Jermain Charlo – missing for almost a year. Hannah Harris – her body was found decomposed on the Northern Cheyenne Reservation. Ashley Loring HeavyRunner – her family still searching for clues to her vanishing.
These are the names of just a few missing and murdered Native American women from Montana.
President Donald Trump declared May 5 as Missing and Murdered American Indians and Alaska Natives Awareness Day.
“I call upon Americans and all Federal, State, tribal, and local governments to increase awareness of the crisis of missing and murdered American Indians and Alaska Natives through appropriate programs and activities,” the president wrote in his proclamation.
A bipartisan congressional coalition, including both Montana senators, also recently passed a resolution marking May 5 as National Day of Awareness for Missing and Murdered Native Women and Girls.
Senate Resolution 144, introduced May 2, cited overwhelming supportive data to communicate a need for the declaration.
Statistics cited in the legislation include how “American Indian women face murder rates that are more than 10 times the national average murder rate” — as well as the prevalence of homicide among Native American women and Alaskan Native females (it is the sixth leading cause of death for ages 1 to 44).
Hanna Harris, a Lame Deer woman who was found dead on the Northern Cheyenne Reservation in 2013, was specifically cited in the resolution.
Hanna’s Act, a bill passed in the Montana Legislature and signed by Gov. Steve Bullock last week, drew its name from Harris. The state law, also known as House Bill 21, creates a missing persons specialist within the Montana Department of Justice — along with a State Missing Persons Database.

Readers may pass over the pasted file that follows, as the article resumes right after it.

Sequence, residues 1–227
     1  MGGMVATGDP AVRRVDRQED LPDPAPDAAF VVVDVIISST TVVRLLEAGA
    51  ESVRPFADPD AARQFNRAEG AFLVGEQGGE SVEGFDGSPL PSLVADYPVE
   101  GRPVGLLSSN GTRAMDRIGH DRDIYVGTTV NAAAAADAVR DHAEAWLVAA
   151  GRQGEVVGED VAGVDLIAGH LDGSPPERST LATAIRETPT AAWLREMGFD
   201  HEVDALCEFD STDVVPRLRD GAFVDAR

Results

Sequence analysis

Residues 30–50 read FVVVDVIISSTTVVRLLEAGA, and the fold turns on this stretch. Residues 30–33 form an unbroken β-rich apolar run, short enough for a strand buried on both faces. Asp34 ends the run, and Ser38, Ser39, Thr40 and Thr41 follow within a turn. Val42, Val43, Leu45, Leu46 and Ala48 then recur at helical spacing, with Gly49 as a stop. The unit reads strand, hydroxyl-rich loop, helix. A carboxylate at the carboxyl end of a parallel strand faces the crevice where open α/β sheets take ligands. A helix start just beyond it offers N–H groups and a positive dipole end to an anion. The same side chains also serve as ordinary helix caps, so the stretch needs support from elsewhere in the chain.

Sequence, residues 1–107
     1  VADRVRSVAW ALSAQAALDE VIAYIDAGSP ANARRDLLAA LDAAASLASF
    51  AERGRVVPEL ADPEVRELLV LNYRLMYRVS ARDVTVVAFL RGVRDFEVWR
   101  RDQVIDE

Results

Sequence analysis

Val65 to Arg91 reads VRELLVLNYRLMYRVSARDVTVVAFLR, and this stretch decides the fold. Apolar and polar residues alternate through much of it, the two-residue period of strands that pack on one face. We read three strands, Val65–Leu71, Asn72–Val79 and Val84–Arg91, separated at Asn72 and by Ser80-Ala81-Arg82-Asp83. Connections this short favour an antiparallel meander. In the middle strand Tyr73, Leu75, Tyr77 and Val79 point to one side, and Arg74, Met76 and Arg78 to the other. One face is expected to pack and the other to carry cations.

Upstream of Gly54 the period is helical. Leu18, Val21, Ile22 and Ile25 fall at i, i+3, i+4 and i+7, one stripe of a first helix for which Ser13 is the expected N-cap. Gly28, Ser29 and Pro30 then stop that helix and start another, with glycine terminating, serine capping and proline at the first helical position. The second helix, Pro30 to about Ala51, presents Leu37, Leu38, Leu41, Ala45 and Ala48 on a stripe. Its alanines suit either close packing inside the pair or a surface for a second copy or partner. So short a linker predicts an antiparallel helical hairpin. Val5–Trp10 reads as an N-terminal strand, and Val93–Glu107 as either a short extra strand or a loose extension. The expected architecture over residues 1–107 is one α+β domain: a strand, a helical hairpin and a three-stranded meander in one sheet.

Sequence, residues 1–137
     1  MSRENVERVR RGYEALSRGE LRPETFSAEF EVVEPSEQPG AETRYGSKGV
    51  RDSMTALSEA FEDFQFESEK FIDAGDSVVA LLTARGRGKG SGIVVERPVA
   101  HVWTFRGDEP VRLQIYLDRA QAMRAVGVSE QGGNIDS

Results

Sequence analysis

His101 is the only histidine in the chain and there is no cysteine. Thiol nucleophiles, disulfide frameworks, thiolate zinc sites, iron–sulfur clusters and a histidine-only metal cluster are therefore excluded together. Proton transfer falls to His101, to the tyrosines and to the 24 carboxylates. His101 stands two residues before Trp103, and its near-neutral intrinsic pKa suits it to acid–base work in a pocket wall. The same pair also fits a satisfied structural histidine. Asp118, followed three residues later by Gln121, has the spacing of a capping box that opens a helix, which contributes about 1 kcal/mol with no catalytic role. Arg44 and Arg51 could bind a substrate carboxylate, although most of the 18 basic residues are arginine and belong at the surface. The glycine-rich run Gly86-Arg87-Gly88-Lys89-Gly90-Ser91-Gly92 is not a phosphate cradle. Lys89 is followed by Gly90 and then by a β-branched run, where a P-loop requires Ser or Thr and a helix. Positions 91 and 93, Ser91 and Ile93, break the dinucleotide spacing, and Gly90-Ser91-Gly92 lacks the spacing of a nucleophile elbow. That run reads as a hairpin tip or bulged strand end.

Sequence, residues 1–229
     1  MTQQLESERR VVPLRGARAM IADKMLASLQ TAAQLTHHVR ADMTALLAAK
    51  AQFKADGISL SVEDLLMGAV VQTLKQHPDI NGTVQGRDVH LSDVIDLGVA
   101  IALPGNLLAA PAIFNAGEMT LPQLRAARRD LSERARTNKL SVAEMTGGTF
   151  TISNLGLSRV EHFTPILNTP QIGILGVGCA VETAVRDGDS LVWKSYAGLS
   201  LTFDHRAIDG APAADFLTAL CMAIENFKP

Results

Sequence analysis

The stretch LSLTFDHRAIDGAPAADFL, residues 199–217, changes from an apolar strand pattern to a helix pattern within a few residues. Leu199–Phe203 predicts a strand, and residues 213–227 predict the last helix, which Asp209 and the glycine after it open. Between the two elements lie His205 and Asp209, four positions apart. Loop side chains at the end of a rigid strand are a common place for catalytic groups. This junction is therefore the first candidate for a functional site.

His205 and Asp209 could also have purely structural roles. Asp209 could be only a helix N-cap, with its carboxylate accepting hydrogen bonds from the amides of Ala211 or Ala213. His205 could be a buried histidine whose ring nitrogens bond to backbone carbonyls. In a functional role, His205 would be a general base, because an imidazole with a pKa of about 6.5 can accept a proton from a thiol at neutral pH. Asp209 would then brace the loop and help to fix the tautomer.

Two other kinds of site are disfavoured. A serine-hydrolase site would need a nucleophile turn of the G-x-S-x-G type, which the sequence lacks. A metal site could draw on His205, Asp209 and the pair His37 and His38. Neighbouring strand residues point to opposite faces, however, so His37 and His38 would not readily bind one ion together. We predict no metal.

The congressional resolution mentioning Harris calls on the American people to “commemorate the lives of missing and murdered American Indian and Alaska Native women” and “demonstrate solidarity with the families of victims.”
On Sunday evening, both Sens. Daines and Tester released statements to MTN News reacting to the occasion.
“We must acknowledge the existence of an epidemic in order to end it,” Tester told MTN. “That’s why, for the last four years, we’ve introduced resolutions declaring May 5 the ‘National Day of Awareness for Missing and Murdered Native and Women and Girls.’”
Tester, a Democrat, specifically pointed to “domestic violence and sexual assault in Native communities” as areas of concern. He sits on the Senate Committee on Indian Affairs.
“[U]ltimately, we introduced these resolutions to end this terrible epidemic, support survivors, and bring their assailants to justice,” Tester said.
For Montana’s Republican senator, Steve Daines, this year marked the third year in Congress in which he has worked to pass the resolution, to address what he called “a horrible crisis in Indian [C]ountry.”
“We chose May 5th in honor of Hanna Harris, who would have turned 27 today,” Daines told MTN. He also serves on the Senate Committee on Indian Affairs.
“We must fight together to put an end to this tragic reality,” he said.
-Elizabeth Transue and Zach Schermele reporting for MTN News